The first area is the assistance provided directly to countries to formulate national strategies, policies and plans for achieving sustainable development of their agricultural sector, while attaining food and nutrition security for their population.
This is a growing area of work because developing countries perceive the role of the Investment Centre as that of an “honest broker” focusing on the national interests.
In the Photo: Women prepare cashews for packaging and shipment (Burkina Faso). Photo Credit: Flickr/CIDSE
A salient example of the Centre’s support has been in Africa. After the launching of the Comprehensive Africa Agricultural Development Programme (CAADP) in 2003, the Centre assisted a large number of countries in formulating their National Agricultural and Food Security Investment Plans which are the main tool for coordinating investments in the sector at country level.
The second area is in the development of capacities in large project formulation and implementation at national level. As a result, countries’ stakeholders are empowered to better participate in the design of investment operations, together with the financiers.
Although these areas of work are very relevant and important, given the Centre’s business model, they require additional dedicated sources of funding which are not always easy to identify.
Looking to the future
Increasing investment support in areas of food, agriculture and natural resource management is needed to achieve the Sustainable Development Goals adopted by the UN’s 193 Member States on 25 September 2015. The Sustainable Development Goals will shape national development policies over the next 15 years. What is noteworthy here is that the sector of food and agriculture is at the heart of the 17 SDGs, beginning with SDG1, End poverty, and SDG2, End hunger. Food security and its link to natural resources and rural development feature in virtually every goal of the 2030 Agenda.
In the geopolitical landscape that is shaping up in the rush to achieve the 2030 Agenda, it is expected that more countries will be in the driver seat, while financing a growing share of the public investments needed. As a result, the Investment Centre needs to strengthen its capacities as a facilitator and knowledge broker, focusing also on capacity development for diverse national stakeholders.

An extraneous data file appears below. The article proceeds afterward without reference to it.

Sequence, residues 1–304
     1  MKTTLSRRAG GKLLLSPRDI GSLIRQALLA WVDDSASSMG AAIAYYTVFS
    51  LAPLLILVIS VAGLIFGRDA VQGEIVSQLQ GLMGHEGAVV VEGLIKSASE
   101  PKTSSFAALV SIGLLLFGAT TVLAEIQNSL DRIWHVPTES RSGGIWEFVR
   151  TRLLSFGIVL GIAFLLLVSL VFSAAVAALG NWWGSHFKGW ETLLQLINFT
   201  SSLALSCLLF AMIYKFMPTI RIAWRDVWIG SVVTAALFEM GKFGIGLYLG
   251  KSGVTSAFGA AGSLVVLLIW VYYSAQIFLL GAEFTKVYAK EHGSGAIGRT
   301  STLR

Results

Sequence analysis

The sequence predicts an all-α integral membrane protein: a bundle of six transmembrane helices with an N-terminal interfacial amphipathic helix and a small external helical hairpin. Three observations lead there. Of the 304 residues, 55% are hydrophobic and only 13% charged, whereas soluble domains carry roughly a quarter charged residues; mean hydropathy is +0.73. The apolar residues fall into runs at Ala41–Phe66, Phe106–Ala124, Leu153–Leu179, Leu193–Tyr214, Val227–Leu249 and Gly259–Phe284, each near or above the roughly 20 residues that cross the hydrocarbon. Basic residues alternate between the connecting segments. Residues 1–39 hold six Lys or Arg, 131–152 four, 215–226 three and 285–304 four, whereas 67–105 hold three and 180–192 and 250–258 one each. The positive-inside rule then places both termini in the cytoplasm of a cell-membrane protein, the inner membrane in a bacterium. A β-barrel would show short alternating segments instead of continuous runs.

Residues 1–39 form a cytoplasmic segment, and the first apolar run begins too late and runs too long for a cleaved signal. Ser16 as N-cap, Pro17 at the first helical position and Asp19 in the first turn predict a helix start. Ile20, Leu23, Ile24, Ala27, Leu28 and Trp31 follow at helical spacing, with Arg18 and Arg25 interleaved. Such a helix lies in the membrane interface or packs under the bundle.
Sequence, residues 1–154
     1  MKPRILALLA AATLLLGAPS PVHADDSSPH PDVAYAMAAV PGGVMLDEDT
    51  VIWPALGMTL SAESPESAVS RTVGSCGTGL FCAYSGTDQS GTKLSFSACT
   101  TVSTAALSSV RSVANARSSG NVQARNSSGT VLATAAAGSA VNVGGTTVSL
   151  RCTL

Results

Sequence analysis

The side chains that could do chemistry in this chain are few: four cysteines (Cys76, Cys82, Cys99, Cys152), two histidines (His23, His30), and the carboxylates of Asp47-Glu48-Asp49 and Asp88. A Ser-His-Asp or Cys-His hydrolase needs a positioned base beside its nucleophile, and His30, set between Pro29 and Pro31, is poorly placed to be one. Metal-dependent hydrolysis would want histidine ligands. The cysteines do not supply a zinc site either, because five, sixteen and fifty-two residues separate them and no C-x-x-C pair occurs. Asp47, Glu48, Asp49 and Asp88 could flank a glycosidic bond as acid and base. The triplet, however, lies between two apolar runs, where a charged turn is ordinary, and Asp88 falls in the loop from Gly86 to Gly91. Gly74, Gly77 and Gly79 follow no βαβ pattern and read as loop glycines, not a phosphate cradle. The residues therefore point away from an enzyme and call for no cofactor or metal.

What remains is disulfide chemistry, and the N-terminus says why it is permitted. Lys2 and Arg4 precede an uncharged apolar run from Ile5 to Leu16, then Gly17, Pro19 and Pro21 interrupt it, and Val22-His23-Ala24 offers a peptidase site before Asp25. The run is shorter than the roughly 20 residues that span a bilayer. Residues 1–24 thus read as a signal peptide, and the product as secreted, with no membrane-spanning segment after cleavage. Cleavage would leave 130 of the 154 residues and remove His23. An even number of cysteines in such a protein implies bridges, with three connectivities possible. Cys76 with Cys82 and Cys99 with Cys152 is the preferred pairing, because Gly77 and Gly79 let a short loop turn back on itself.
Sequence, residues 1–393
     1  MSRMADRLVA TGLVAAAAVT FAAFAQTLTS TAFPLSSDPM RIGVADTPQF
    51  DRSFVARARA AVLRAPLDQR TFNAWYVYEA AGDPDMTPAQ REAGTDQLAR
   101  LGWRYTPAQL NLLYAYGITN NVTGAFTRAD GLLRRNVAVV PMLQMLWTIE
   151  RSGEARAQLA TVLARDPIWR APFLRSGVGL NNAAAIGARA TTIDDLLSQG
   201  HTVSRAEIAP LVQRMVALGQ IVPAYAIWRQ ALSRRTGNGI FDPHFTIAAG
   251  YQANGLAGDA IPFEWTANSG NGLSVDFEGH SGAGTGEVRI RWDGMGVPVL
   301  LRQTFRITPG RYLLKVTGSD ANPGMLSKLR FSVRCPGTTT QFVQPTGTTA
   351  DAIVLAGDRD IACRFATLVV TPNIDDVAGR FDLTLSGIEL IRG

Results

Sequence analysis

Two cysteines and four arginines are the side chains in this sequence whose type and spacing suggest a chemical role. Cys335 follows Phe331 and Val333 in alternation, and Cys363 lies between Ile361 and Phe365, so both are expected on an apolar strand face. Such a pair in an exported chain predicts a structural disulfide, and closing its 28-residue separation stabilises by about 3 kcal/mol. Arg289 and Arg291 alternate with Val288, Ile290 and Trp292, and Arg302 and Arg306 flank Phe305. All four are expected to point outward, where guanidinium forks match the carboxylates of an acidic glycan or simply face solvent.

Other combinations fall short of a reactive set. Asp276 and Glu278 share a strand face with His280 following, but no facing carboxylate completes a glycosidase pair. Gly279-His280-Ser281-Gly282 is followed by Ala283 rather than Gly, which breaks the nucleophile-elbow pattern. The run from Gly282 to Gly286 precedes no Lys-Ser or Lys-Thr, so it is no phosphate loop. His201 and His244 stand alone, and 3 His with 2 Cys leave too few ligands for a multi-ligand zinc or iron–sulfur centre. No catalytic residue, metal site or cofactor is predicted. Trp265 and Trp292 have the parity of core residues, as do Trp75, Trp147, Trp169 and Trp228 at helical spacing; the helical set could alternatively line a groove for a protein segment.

Private sector investment is expected to grow substantially as infrastructure develops and governance improves. A growing part of this investment will be in the form of remittances. As the 2012 State of Food and Agriculture report indicates, a large part of the investment in agriculture comes from the farmers themselves, mostly family farmers, and this will continue to be the case. If farmers are to invest more and better, they require sustaining policies and institutions which respond to their needs. Here too, the Investment Centre must increase its capacity to facilitate linkages between inclusive policy dialogues with investment opportunities.
The big challenge for the future will be to ensure that the world’s expanding population is food secure, consuming healthy nutritious food that is produced in a sustainable manner using lower quantities of chemical fertilizers, pesticides and fuel, but also improving resilience of production systems to climate change. And as in the past, the investment Centre will continue to work in close coordination with FAO technical divisions towards this end.
More information can be found about the FAO Investment Centre here.
Featured Image: Flickr/CIDSE – Sara F. Rodriguez, Manos Unidas